officially availableWith all the twists and turns inherent in Crash Landing‘s writing and publication, I shouldn’t have been surprised that a few glitches prevented it from going fully live yesterday. But that’s in the past. After a circuitous and adventurous journey, Crash Landing is finally and officially available!  

And so begins the next part of its journey—helping it reach those for whom it’s intended. It’s an exciting time, full of conflicting thoughts and emotions, feelings of vulnerability, and anticipation mixed with gratitude.

I hope you’ll consider purchasing your own copy if you haven’t already (and thank you so much if you have):

If you prefer digital:

Or you can get it wherever good books are sold! I encourage you to support your favorite indie.

Obtain a highly-prized collector’s edition (signed copy) through this website or at one of my upcoming events!

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Finding Home From Wherever You Are

by Liz Jansen

find your way homeOn a lazy Sunday afternoon in 1998, I lay on the sofa looking up at the massive beams holding up the structure I’d waited so long for and worked so hard to finish. Did I really think this house on this particular plot of land was the only place on God’s earth where I could be happy? Of course not! That epiphany severed my attachment to the house and fed my restlessness, but it would be another two years before I left it, along with my marriage.

Since then I’ve lived in five places, none as grand as that house, but all of them more like home. Home, I’ve discovered, is more of a state of being than a physical place.

It means you can find home wherever you are. When I camp, it’s my small tent. Although tissue paper-thin, the walls separate me from the elements and other people, and the space becomes my own. At my yoga studio, it’s my mat. While staying with friends, it’s wherever I lay my head. In fact, I hesitate to call anywhere home, choosing instead to refer to my street address as home base.

Home is that place of stillness that radiates feelings of peace, serenity, and security in the midst of chaos. It arises from the awareness and acceptance of who you are. This welcoming place breeds self-assuredness, comfort, and contentment with one’s self, foibles and all.

From that calm center, it’s easier to stay grounded, keep life in perspective, and make wise choices. Whenever I get lost, I trust my heart to guide me home.

Yet there’s still something to be said for a physical place. Recently I spent more than five weeks on the road. With mixed feelings, embracing the chilly ride while accepting the season was drawing to a close, the cold of the final two days challenged me physically. When I opened the door to my cozy little place, felt the rush of warm air against my face, and sensed the familiar setting, I exhaled a big sigh of gratitude. Welcome home.

How do you find your way home? Where is home? Tell us in the comments.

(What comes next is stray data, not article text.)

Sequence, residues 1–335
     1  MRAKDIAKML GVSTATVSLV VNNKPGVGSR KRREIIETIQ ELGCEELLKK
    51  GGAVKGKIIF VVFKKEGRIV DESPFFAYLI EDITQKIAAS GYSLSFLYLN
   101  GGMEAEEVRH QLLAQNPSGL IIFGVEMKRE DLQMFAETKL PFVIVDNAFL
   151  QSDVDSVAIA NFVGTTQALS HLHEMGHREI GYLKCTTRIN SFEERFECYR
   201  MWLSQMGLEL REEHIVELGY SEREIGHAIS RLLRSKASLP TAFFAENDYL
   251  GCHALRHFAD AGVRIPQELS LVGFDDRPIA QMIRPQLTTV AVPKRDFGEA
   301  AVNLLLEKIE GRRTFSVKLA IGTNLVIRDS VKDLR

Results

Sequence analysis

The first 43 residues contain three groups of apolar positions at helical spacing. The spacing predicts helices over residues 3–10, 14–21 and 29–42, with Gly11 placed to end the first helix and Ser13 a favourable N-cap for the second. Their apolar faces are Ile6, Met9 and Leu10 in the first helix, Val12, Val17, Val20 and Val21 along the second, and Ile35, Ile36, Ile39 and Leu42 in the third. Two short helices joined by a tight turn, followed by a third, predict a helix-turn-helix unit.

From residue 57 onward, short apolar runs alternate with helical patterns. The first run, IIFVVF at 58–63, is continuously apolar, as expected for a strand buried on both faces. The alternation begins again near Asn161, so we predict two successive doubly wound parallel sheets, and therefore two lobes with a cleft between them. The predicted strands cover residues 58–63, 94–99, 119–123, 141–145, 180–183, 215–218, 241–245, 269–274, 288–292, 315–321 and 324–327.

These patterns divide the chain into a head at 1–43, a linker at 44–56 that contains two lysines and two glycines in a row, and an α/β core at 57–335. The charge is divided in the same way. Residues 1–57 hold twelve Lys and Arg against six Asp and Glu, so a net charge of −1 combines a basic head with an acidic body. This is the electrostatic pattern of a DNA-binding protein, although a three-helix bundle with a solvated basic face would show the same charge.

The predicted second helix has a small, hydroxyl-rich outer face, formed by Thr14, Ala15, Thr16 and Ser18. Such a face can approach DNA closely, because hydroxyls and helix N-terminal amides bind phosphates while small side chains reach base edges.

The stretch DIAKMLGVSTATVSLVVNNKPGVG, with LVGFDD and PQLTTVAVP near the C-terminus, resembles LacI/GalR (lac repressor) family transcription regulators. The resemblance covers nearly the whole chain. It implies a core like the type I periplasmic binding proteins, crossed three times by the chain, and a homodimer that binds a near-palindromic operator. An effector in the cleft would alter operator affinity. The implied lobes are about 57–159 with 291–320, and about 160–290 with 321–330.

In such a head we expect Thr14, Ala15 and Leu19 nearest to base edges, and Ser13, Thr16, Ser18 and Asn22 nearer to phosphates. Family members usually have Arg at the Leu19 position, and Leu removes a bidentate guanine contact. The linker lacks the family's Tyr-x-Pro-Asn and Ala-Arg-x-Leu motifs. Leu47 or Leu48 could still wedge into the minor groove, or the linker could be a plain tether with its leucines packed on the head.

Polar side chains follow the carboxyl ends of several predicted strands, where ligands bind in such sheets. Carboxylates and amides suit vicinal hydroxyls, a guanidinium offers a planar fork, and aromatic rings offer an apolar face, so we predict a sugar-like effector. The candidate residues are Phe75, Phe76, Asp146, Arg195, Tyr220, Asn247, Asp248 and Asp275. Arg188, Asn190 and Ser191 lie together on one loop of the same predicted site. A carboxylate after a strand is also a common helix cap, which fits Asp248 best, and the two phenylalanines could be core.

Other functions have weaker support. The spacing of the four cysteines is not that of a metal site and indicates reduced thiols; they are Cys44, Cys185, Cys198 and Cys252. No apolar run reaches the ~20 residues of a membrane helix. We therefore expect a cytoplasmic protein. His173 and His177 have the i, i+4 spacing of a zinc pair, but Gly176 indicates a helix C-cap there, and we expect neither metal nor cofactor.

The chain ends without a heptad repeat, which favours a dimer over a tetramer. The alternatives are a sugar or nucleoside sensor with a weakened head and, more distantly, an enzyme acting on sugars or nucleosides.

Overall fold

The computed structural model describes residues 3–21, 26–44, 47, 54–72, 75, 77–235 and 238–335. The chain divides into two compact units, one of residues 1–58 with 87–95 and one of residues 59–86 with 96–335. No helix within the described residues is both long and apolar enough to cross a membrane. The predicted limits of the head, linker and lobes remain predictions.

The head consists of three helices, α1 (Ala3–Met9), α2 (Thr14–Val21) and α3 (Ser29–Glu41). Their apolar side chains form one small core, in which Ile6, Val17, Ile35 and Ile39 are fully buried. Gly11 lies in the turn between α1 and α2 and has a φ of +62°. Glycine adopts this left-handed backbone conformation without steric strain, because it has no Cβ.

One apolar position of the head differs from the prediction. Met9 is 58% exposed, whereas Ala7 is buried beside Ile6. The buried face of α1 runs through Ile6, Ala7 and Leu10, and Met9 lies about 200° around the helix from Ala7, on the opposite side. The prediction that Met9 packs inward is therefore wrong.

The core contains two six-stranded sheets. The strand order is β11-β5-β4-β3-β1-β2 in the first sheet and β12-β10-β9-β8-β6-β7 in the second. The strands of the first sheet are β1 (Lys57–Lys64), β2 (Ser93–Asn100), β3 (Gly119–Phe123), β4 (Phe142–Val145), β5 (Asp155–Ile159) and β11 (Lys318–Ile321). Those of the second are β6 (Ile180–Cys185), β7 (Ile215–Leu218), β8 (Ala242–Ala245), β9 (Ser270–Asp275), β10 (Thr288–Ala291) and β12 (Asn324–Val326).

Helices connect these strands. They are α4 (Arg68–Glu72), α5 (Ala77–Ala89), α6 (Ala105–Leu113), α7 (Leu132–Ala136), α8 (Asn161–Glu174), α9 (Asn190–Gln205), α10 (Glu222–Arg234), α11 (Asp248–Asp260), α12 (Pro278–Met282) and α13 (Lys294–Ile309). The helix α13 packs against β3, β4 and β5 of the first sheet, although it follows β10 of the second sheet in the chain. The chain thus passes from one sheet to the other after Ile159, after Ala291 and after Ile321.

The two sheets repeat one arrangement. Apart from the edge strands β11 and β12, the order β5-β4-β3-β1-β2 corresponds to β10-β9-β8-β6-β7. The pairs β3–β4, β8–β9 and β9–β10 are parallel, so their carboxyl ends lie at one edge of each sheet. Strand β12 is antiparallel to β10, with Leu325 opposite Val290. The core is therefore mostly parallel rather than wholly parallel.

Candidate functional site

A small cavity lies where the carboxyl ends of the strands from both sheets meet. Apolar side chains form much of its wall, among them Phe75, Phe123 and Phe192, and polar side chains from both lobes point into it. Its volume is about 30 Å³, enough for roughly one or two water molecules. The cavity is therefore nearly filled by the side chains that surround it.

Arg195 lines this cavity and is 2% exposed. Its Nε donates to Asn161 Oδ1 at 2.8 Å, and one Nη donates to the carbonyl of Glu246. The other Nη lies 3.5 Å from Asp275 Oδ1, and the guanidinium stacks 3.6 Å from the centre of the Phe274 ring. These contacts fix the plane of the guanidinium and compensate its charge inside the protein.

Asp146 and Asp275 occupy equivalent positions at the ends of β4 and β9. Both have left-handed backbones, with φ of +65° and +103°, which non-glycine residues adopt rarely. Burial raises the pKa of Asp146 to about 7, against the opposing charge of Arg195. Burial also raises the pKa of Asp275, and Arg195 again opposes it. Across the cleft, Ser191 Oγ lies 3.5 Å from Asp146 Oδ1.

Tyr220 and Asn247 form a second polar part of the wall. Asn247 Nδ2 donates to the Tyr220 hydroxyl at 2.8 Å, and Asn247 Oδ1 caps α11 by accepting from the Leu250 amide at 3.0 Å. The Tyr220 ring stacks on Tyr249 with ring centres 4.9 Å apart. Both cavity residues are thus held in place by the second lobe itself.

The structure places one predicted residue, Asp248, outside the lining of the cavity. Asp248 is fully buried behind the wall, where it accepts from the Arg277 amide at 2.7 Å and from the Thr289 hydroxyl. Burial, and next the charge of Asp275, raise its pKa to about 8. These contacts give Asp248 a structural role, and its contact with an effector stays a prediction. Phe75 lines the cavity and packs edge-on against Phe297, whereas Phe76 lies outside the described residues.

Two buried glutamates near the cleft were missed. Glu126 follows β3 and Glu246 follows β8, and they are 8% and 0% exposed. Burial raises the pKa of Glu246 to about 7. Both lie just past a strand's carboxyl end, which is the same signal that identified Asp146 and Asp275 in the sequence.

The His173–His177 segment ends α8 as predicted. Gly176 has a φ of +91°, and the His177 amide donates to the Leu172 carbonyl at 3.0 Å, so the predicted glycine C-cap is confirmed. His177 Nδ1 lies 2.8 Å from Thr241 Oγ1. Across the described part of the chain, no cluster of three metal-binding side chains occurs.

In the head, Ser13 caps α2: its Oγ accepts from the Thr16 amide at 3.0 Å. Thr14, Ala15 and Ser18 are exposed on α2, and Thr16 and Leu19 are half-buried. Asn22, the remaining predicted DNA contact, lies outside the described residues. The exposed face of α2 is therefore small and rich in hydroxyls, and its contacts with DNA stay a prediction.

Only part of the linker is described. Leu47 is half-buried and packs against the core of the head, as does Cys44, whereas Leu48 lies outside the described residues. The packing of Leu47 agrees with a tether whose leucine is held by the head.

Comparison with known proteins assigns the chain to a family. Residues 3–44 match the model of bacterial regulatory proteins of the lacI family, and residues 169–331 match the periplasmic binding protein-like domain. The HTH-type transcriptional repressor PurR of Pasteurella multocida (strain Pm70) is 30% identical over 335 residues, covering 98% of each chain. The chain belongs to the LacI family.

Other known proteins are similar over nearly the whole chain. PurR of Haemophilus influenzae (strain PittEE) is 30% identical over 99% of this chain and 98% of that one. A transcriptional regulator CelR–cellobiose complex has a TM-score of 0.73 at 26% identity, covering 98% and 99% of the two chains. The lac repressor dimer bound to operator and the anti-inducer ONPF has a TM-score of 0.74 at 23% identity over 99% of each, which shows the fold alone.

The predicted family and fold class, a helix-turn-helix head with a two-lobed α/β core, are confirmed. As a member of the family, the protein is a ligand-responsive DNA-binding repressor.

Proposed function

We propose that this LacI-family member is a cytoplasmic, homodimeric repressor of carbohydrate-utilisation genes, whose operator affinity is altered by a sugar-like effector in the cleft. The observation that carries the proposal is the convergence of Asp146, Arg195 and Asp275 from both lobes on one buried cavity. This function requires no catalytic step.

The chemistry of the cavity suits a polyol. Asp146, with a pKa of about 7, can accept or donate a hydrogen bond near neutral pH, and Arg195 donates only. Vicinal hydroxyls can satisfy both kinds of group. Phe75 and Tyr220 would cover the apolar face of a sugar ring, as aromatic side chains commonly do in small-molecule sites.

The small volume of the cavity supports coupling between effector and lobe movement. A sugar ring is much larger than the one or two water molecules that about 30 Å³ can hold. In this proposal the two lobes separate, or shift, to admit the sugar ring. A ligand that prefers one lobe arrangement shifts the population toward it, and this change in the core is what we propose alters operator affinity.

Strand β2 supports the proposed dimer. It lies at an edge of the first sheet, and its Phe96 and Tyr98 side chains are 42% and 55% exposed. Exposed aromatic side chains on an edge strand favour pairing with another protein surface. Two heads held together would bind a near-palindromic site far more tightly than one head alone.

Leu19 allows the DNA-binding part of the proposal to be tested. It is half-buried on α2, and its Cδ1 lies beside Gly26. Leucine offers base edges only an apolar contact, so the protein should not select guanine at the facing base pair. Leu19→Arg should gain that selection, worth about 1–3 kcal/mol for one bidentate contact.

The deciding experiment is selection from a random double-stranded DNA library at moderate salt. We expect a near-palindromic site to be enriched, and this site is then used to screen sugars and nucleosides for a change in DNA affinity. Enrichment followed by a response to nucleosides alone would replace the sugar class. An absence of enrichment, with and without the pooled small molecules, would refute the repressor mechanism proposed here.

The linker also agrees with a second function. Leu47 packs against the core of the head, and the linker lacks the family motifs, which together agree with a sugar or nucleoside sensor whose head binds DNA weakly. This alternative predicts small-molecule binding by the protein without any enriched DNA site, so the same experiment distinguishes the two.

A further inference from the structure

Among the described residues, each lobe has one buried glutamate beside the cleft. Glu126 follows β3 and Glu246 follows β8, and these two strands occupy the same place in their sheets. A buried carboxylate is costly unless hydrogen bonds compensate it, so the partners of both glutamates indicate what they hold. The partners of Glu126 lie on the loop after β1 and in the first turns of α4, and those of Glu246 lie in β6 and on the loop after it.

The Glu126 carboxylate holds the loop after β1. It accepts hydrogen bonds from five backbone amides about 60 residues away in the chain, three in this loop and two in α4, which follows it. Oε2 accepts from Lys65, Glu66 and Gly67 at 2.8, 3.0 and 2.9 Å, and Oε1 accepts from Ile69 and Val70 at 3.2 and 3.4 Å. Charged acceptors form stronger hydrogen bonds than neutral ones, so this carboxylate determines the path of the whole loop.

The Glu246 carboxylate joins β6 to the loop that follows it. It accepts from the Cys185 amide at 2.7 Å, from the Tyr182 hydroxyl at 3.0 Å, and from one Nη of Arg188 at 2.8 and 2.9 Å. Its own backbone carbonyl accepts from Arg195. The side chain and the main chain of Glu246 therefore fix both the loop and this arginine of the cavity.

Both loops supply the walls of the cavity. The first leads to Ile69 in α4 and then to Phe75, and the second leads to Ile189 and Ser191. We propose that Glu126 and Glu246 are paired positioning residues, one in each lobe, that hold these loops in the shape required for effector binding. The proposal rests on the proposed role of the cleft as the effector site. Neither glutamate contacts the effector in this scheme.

Related post: Finding Calm When Quitting is Not an Option

Photo credit: anoldent on Visual hunt / CC BY-SA

Author Interview from Readers’ Questions

by Liz Jansen

author interviewLast week I asked for your help in preparing a simulated interview. They’re great questions and a tough interview! Here are my responses to your answers.

How does your family respond to your riding and your writing? 

I began riding a motorcycle on the family farm when I was sixteen and my younger brothers bought a Honda Cub. My parents didn’t blink an eye. They had more pressing concerns, like making ends meet. My five younger siblings grew up with me riding, so to them, it was just another thing I did.

Now it’s been part of my life for so long they’d think it odd if I was without a motorcycle. They do get concerned when I head out on long solo journeys but know it’s futile to try and persuade me not to go. I don’t know what they think of my writing.

What do you consider to be your greatest 3 accomplishments either in in your personal or professional life?

  1. Getting over my phobias of flying and cats. Both used to strike terror in my heart. Now I love2 cats and tolerate flying.
  2. Leaving my marriage and then my corporate career eight months later (2002/2003). As my spirit awakened, both decisions were part of the same overhaul, and necessary for me to thrive.
  3. Completing the quest I wrote about in Crash Landing. It reconnected me with who I am.

Tell me why you are such an ardent motorcyclist?

Being out on the open road on my motorcycle feeds my soul. It introduces me to the most amazing people and experiences—that includes fellow riders, and the curious people who approach and share their stories with me—moto and other. It challenges me, pushes my comfort zone, and makes me grow. It opens my heart. It teaches me about life and myself, and gives me stories to write about. I experience life and the landscape I’m in, rather than being an observer.

How did you morph from your corporate/nursing career to writer of self discovery-type books?